Carb confusion

Think you're shunning this nutrient? You aren't, and shouldn't be


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‘I haven’t eaten a single carb in months,” said an acquaintance who was on what she considered to be a health kick in advance of an upcoming Caribbean vacation.

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Hey there, time traveller!
This article was published 28/09/2015 (2741 days ago), so information in it may no longer be current.

‘I haven’t eaten a single carb in months,” said an acquaintance who was on what she considered to be a health kick in advance of an upcoming Caribbean vacation.

She uttered the words as she ate a green salad filled with chopped vegetables.

“You’re actually eating carbs right now,” I told her. She looked confused.

Many people are misinformed about carbohydrates, or carbs as they are called. This set of nutrient compounds has been given a bad rap over the past decade with the resurgence of low-carb regimens such as the Atkins diet.

But not all carbs are bad for your health. And even if you think you’ve shunned them from your diet, in reality, you probably haven’t.

As someone with Type 1 diabetes, the word carbohydrate has been part of my vernacular since childhood. That’s because all carbs (except for fibre) are the foods that raise blood sugar levels. Carbs require insulin to move them out of the blood and into the body’s cells.

Most people think of carbs as grains and sugars. But foods such as tomatoes, carrots and avocados are also important sources of carbs.

Here’s what you need to know about this misunderstood nutrient:

— Carbs are sugars, starches and fibre. The primary function of carbs (except fibre) is to provide energy for your body.

— Although fibre is technically a carbohydrate, it isn’t metabolized by your body or converted into sugar in your body.

— When you ingest carbs, they are converted into glucose. Insulin, a hormone produced by your pancreas, then helps your blood glucose enter your cells, where it’s used for energy.

— Carbs are essential to brain and body function.

— Carbs are classified into simple and complex forms.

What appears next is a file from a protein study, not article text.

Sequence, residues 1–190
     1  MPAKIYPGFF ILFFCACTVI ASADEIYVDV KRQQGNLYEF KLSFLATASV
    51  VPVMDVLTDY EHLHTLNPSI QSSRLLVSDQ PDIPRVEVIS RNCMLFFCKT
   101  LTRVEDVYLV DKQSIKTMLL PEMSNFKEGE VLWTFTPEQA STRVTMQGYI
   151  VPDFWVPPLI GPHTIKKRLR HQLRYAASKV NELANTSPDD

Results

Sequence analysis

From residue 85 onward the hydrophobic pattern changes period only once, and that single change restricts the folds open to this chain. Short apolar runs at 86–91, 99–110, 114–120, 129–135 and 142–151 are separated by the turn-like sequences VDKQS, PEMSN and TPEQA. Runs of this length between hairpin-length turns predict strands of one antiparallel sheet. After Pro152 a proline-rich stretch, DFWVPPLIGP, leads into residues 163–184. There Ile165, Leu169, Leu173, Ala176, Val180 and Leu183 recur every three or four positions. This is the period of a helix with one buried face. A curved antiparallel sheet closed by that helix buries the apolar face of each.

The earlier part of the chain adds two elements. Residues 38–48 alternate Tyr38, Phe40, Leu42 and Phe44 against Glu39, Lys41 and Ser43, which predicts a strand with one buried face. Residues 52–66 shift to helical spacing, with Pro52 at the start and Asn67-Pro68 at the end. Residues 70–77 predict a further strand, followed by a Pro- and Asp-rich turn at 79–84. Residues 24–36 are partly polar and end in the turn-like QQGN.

— Simple carbs are made up of sugars. These are digested very easily and therefore can cause blood sugar spikes. These spikes can lead to long-term heath problems, including vascular damage.

— Complex carbs are in starchy foods such as bread and beans. Even though white bread is a complex carb, it floods the bloodstream with sugar faster than whole-grain bread.

— Beans/legumes are a slowly digested source of carbs that also contain generous amounts of protein and fibre.

— Whole grain products are often considered “good” carbs because they take longer to digest and tend to cause fewer blood sugar spikes. But even whole-grain products can raise blood sugar levels quite quickly. (Brown rice tends to raise mine quickly. It contains very little fibre, which tends to slow absorption of sugar into the blood).

— The glycemic index, a scale used to measure the so-called “glycemic load” of foods, is not a great way to determine whether a food will cause blood sugar spikes, especially for anyone with Type 1 or Type 2 diabetes. A better method is calculating grams of carbs in your serving size.

— Health Canada recommends carbs make up 45 per cent of your daily caloric intake. Many experts believe this amount is too much, particularly people with high blood sugar issues.

— Athletes such as marathon runners could benefit from ingesting simple sugars before they complete intense sports. Such exercises need a flood of sugar in their bodies since their bodies will use the sugar up quickly during exercise.

— A lower carb food item will contain five grams or less in a serving. (To calculate the carb count in your food, be sure to subtract the fibre grams, since they are not metabolized).

— The pulp in boxed, pure orange juice (a simple carb) does not significantly increase its fibre content.


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